National Native American Heritage Month celebrates the culture and history of the Native American Peoples. It was federally recognized in 1990 for the first time by then-President Bush. However, many Natives pushed for days of recognition prior to this. In addition, the United States also celebrates Indigenous People’s Day, Native American Day, and Indigenous Resistance Day. In honoring the indigenous peoples, it is important to honor the diversity of the 574 federally recognized tribal nations. Read more for tips on how to observe the holiday with culturally appropriating or perpetuating harmful stereotypes.
What is the difference between the terms Native American and / or Indigenous people?
The term Native American specifically refers to the non-European peoples of modern-day Canada, the United States, and Mexico before the arrival of Christopher Columbus. Their inhabitance of the land pre-dates colonists or settlers. Indigenous is a broader term- when referring to ethnic groups, it means “of or relating to the earliest known inhabitants of a place and especially of a place that was colonized by a now-dominant group”. Some other Inidgenous Peoples across the world include the Aboriginal people of Australia, the Maya of Guatemala, and the Sa(a)mi people of Scandinavia.
Why is Indigeneity an important concept?
As a concept, indigeneity encourages a re-framing of simply designating a group to be an ethnic minority by considering their connection to a homeland or resistance to assimilation. Often their oppression includes forced relocation– whether by housing discrimination, removal, or death. Read the United Nations Forum on Indigenous Issues here. It is also a reminder not only to think of genocide as a measure of deaths, but an intent to erase a culture.
Historical Figure Spotlight: Jim Thorpe
Perhaps one of the most famous Native Americans of Pennsylvania is Jim Thorpe, the Olympian and professional football player. He was a member of the Sac and Fox nation. Born in 1888 in Oklahoma, he attended Carlisle Indian Industrial School under coach Pop Warner. A triathlete, he went on to play professional baseball in addition to winning gold medals at the Olympics in the decathlon and the pentathlon.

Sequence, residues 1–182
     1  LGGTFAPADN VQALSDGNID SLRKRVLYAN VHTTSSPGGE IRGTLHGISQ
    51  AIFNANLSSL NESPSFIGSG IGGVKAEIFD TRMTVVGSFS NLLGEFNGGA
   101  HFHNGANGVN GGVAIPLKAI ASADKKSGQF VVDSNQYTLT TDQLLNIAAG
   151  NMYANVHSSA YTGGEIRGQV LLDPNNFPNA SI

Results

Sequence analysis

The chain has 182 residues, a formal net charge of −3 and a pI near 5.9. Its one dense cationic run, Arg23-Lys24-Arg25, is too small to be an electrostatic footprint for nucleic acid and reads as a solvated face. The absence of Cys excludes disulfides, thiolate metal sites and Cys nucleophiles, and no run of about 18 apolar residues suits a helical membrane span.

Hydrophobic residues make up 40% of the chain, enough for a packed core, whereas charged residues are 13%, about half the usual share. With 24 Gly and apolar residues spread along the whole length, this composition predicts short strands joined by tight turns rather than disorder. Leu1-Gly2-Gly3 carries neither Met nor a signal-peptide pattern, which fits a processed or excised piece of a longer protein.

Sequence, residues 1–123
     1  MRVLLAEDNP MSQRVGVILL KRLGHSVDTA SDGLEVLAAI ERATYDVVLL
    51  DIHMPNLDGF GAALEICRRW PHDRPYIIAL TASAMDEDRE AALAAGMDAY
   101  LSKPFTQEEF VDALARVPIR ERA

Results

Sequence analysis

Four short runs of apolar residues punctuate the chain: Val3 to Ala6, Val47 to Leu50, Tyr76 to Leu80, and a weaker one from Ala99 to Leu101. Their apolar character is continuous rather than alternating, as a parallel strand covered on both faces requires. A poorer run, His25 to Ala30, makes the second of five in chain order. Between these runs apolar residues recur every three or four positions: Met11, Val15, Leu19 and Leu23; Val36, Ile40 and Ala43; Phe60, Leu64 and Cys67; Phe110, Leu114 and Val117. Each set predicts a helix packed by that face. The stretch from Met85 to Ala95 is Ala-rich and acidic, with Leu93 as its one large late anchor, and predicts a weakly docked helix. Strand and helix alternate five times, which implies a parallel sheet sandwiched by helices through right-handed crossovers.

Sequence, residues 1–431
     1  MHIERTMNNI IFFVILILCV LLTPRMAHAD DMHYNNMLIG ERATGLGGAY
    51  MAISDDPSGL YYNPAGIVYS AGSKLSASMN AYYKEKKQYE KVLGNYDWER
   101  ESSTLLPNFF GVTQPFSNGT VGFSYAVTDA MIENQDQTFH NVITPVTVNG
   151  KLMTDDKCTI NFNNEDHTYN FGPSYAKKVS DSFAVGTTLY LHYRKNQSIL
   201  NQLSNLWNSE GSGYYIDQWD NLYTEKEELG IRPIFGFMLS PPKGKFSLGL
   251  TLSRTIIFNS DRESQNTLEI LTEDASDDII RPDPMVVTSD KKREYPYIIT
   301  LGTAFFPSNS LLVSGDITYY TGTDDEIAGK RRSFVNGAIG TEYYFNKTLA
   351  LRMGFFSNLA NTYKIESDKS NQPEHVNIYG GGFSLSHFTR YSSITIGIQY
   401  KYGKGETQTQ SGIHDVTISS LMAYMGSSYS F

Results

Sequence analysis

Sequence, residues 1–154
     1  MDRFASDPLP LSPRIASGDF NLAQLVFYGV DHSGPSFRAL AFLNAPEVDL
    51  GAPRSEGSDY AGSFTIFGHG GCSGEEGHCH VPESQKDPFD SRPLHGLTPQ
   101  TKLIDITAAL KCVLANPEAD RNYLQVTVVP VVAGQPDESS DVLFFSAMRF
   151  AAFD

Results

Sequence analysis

Looking for Library Resources?
Just Browsing the Stacks
Native Americans and the history of Pre-Columbian America falls under the call number range E51-110. For the laws and treaties of tribal sovereignty, you’ll be looking for subclasses KIF-KIK of E and F.
Classics and Contemporary Reads
- Converging Streams: Art of the Hispanic and Native American Southwest
- Making the White Man’s Indian: Native Americans and Hollywood Movies by Angela Aleiss
- Indian Metropolis: Native Americans in Chicago, 1945-75 by James B. Lagrand
- That’s What She Said: Contemporary Poetry and Fiction by Native American Women edited by Rayna Green
- Another America: Native American Maps and the History of Our Land by Mark Warhus
- Splendid Heritage: Perspectives on American Indian Art by Clinton Nagy
- There, There by Tommy Orange
Selections from the Children’s Section
- Jingle dancer by Cynthia Leitich Smith
- Undefeated : Jim Thorpe and the Carlisle Indian School football team by Steve Sheinkin
- Maria Tallchief : Native American Ballerina by Paul Lang
In need of some digital resources?
- Native American Studies by Clara Sue Kidwell
- Native American Times
- American Indian Quarterly
- Journal of the Native American And Indigenous Studies Association (NAISA)
- American Indian Culture & Research Journal
- American Indian Law Review
- Journal of American Indian Education
- North American Indian Thought and Culture from Alexander Street by Proquest
- Native People collection from Ethnic NewsWatch
- European Views of the Americas: 1493 to 1750
In need of some primary sources?
- View the digital collections of the National Museum of the American Indian
- Explore the Sequoyah National Research Center
- Visit the Indian Arts Research Center (IARC)
- Check out the Indians of North America: Selected Resources from the Library of Congress
- Indian Peoples of the Northern Great Plains Digital Collection
Resources on Current Issues
An important phrase to understand this Native American Heritage Month is “Land Recognition and Restitution”. Land recognition is simply that, recognizing the tribes whose ancestral lands we live on and honoring the people and their relationship to the area. It also means investigating and understanding the ways in which tribes have been separated from their territory and the impact that has had on their history and culture. The land where Eastern University currently is located used to be the territory of the Lenape Haki-nk, also called the Lenni-Lenape or Delaware people. See which tribal lands you are located in with this fun tool. Historically, Pennsylvania was once the home of the Lenape, Susquehannock, Shawnee, and Iroquois tribes although it does not currently recognize any tribal lands or governments.
- Learn more about Native American history in PA.
- Visit the Museum of Indian Culture
- Learn more about Radnor’s decision to retire its Native American mascot.
Land Restitution: an abbreviated explainer
Land restitution can take many forms and is a type of transformative justice. It redresses the theft of indigenous lands as new agreements and solutions. An example that you’ve probably heard of in the news is Standing Rock and its Water Protectors. Blocking the Dakota Access Pipeline was a critical issue because of the potential impact for clean water access, infringing upon the sovereignty of tribal nations. Read more about the history of Standing Rock.
- Read more about the history of Standing Rock
- Learn about the history of Indigenous Resistance from the American Indian Movement